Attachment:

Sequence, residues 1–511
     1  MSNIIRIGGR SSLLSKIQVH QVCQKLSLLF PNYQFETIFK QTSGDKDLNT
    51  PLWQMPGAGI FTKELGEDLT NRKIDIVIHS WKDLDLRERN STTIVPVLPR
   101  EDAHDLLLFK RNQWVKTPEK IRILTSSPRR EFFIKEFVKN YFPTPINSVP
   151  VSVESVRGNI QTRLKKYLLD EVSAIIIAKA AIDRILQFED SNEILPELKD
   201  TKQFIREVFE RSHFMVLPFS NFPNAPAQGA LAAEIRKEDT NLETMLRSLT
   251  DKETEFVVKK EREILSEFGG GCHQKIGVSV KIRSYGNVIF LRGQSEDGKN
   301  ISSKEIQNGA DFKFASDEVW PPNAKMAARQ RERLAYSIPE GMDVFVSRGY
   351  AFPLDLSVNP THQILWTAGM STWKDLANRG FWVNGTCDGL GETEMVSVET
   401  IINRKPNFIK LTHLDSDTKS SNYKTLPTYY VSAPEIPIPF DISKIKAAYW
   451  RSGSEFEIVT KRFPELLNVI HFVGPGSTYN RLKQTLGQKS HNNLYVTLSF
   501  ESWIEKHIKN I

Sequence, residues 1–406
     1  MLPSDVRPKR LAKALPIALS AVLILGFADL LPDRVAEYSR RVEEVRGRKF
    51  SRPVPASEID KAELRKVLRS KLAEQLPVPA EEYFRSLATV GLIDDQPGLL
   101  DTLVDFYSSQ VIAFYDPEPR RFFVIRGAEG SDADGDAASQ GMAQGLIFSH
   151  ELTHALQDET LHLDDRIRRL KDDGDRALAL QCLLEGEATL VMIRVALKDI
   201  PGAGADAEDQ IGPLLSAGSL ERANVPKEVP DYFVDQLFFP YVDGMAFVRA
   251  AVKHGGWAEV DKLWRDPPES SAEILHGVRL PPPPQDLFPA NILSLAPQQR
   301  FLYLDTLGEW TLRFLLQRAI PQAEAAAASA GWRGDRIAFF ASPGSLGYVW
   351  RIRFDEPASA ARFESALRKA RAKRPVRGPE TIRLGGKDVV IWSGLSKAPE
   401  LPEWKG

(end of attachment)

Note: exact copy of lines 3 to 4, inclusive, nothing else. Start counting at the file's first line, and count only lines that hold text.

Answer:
    51  PLWQMPGAGI FTKELGEDLT NRKIDIVIHS WKDLDLRERN STTIVPVLPR
   101  EDAHDLLLFK RNQWVKTPEK IRILTSSPRR EFFIKEFVKN YFPTPINSVP